Tajik Government Accused of Online Media Clampdown

Campaigners want to know why new sites are shut down without legal justification.

Tajik Government Accused of Online Media Clampdown

Campaigners want to know why new sites are shut down without legal justification.

Tajik journalists are fighting back against what they say is a concerted attempt by their government to stifle the internet, one of the last remaining outlets for free speech.

Organisers of a campaign for “100 Days for Freedom” for the Tajik internet, launched at the beginning of October, said 50 websites were being blocked by the authorities without the required court orders being issued. They called for an end to unlawful blocking of websites, and also criticised internet provider companies for succumbing to government pressure.

The 50 sites include 15 that were blocked this summer, including the Russia-based Centrasia.ru and Fergana.ru, the leading Tajik news agency Asia Plus, and even the BBC’s Tajik service. These seem to have been blocked mainly because of their coverage of a wave of fighting in Badakshan in July and August. Access to 14 of the 15 has since been restored.

The 15th, the website of leading Muslim cleric Haji Akbar Turajonzoda, remains inaccessible.

In July, a massed military offensive to root out a group of armed men led by a renegade commander resulted in street battles and eventually an uneasy truce in Khorog, Badakhshan’s main town. (See Tajik Rebels Lay Down Arms in Badakhshan.) The government faced accusations, reported in the media, that the operation was excessive, put civilians in harm’s way unnecessarily, and might have been planned in advance, rather than a reaction to events on the ground.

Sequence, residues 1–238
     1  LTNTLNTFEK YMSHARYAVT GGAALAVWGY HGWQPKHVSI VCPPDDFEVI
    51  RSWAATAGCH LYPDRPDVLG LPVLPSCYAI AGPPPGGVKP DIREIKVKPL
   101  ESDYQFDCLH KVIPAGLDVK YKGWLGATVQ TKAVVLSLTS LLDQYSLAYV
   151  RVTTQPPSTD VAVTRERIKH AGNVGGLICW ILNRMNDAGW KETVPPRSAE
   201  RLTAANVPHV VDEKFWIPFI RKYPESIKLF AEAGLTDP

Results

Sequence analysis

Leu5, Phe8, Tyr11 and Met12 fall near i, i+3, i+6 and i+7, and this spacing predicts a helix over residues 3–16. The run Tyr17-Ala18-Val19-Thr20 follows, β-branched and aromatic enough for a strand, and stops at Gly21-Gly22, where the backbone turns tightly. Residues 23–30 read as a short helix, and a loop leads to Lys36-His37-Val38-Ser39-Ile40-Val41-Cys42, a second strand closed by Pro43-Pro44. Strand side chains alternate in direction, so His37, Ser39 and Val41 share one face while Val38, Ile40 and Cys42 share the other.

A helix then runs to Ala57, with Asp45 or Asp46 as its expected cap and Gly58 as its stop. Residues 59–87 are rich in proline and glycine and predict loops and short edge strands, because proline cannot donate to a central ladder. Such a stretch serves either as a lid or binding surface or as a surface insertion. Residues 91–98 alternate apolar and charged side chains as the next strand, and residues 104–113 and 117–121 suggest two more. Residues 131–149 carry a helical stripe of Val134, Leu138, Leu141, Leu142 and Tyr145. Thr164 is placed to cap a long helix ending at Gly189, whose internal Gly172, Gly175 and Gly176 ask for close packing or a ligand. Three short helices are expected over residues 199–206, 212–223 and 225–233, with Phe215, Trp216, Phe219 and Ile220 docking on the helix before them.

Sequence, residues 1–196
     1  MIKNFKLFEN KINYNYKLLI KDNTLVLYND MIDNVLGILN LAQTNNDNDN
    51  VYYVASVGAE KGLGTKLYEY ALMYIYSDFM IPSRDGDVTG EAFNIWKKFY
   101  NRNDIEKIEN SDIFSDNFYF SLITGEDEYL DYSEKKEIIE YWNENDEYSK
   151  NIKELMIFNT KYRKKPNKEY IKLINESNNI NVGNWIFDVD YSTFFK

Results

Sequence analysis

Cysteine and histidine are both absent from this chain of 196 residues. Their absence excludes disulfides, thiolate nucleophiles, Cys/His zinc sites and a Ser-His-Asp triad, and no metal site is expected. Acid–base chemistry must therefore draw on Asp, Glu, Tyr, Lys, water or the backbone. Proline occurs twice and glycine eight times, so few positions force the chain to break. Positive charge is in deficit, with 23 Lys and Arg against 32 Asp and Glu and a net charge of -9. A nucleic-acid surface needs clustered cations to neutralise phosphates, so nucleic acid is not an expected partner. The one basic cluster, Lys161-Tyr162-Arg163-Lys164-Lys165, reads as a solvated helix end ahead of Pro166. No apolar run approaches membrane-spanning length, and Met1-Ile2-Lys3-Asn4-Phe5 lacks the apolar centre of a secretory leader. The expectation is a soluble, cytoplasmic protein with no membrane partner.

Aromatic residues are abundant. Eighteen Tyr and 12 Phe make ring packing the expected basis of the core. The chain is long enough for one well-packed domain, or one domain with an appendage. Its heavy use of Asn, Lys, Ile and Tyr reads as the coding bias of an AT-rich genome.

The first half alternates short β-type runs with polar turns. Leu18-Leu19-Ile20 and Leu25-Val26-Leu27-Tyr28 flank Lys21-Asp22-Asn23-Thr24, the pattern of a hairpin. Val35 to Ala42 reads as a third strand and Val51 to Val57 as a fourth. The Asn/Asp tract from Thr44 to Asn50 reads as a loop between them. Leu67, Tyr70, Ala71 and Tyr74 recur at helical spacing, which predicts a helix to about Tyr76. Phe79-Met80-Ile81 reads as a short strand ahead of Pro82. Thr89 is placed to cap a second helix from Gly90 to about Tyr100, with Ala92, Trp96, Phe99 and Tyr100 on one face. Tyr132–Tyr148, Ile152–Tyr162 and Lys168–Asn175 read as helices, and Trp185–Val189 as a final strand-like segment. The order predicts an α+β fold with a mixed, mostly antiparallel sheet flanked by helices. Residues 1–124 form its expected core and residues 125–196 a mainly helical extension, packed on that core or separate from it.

As for those news sites blocked previously, the common theme seems to be their reporting on President Imomali Rahmon and members of his family.

Campaigners argue that existing internet curbs intensified during the Badakhshan unrest, and are likely to continue and worsen as Tajikistan heads towards a presidential election next year.

Media rights groups behind the campaign now plan to ask Tajikistan’s Constitutional Court to examine whether the government’s actions are lawful.

The “100 days” campaign does not cover 12 Islamic extremist and similar websites that are subject to a Supreme Court ban.

Media experts say that because of the immediacy and accessibility of online news, it is seen as more of a threat to government than print or even broadcast media.

Nuriddin Karshiboev, head of the National Association of Independent Media of Tajikistan, one of the groups behind the campaign, told IWPR that the authorities feared online media simply because they offered alternative sources of news.

“They want everyone to say in unison that everything is fine, that we don’t have any problems, and that we’re making progress,” he said.

While Karshiboev pointed to criticism of the president and his family, and of the government generally, as the usual trigger for a website to be blocked, Asia Plus executive director Zebo Tajibaeva said her agency’s troubles began with its summer’s coverage of events in Badakhshan.

Although officials accused Asia Plus of one-sided reporting of the conflict, Tajibaeva said her journalists made every effort to get government members to comment.